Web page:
A conversation with up-and-coming London record producer G

Image: press shot from G

by: Jamie Wiggan, Culture Editor

Earlier this week I had the pleasure of talking with London-based songwriter and producer who—whether out of modesty or for enhancing his artistic mystique—asked to be referred to simply as “G” (don’t worry, his fashionably ruffled locks and smooth estuary English suggest that this probably isn’t some highly unimaginative attempt to project the image of a gangster). Along with identical twin, “H”, G makes up one half of the beat-infused, falsetto-led electronic duo, The 23rd.
Since their first single was released in 2013— then under the stage name Oceaán—their eclectic brand of ambient dance music has captured listening ears across native Britain and the European continent; it was on the back of this success that the twins were approached by Sony-ATV to write music in collaboration with other up-and-coming artists.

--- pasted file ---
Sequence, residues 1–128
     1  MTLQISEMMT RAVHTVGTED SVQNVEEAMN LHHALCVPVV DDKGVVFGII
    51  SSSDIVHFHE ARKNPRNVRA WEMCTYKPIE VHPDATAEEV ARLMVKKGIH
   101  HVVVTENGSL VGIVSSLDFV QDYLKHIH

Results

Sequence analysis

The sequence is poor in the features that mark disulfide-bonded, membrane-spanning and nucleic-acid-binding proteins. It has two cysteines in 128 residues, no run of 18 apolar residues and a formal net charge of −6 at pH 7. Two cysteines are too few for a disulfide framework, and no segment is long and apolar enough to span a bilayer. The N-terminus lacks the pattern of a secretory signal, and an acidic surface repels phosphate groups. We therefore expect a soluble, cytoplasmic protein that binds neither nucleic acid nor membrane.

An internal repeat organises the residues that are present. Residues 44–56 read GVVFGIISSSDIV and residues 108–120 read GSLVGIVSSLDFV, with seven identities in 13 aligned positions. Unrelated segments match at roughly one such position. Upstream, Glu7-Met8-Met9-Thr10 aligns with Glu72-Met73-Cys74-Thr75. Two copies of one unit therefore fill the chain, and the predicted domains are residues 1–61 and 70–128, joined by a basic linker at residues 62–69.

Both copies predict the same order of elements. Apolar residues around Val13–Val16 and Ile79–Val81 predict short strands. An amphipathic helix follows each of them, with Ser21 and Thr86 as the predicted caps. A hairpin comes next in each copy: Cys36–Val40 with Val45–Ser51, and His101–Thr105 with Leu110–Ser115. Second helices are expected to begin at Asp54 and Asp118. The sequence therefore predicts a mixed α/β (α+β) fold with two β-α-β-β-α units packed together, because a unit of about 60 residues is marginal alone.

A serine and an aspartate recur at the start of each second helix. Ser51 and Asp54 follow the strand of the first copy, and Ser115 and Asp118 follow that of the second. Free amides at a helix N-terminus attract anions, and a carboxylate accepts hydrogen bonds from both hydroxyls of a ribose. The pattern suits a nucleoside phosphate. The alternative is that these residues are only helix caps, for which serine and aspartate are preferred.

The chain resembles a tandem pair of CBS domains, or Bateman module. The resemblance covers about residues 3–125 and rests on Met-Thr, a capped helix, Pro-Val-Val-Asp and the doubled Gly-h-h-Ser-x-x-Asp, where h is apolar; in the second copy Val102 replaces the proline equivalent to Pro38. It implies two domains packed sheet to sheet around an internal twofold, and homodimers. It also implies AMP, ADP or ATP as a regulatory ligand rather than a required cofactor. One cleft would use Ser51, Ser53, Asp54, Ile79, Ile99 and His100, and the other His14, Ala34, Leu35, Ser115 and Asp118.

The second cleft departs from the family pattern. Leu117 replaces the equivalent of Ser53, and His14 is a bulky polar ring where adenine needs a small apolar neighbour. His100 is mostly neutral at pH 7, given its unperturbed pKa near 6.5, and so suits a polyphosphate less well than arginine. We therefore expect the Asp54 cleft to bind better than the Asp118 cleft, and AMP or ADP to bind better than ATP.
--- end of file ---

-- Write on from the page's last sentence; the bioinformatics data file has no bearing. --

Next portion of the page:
Between busy studio sessions, G kindly found the time to talk about his journey as a young musician; he also shared some insights into the workings of the contemporary music industry and gave his views on where things are heading.
“It started with H getting a guitar for a birthday present when we were young and then I subsequently got a drum kit a year after or so . . . that’s where we found our love for collaboration over working as solo artists,” G said.
Although they attended different high schools and universities by choice, at least as far as their life in music is concerned, G always talks in terms of “we”. He then goes on to talk about how they cut their teeth playing in “guitar bands” before they received—this time as a Christmas present—early notebook computers with recording software. Initially, they recorded “simply because we wanted to hear ourselves played back”, but over time the production side began to occupy the forefront of their musical attention.